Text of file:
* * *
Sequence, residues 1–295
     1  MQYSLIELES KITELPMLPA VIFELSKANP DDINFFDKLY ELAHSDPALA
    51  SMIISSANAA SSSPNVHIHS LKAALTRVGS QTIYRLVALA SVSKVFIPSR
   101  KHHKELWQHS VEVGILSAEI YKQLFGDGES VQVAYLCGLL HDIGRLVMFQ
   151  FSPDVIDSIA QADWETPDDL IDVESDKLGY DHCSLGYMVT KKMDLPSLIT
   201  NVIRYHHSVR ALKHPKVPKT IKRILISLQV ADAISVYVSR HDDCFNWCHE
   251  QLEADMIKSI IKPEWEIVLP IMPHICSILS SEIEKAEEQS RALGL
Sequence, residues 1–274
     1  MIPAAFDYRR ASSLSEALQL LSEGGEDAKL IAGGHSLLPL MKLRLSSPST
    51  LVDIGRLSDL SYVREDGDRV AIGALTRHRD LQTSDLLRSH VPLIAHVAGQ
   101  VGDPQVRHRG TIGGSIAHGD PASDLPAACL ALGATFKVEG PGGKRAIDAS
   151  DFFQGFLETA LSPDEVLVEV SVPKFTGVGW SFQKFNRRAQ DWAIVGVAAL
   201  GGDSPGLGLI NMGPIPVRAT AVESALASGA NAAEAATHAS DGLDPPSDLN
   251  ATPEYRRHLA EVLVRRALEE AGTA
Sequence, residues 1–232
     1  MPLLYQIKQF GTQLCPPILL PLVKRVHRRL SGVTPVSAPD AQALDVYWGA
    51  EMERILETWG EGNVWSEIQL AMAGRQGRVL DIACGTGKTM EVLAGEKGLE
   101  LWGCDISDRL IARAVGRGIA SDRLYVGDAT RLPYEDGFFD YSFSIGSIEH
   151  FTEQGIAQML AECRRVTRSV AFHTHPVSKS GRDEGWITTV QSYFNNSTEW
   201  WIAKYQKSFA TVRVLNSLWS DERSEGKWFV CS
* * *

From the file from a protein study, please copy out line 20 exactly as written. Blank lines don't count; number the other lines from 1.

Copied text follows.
   201  WIAKYQKSFA TVRVLNSLWS DERSEGKWFV CS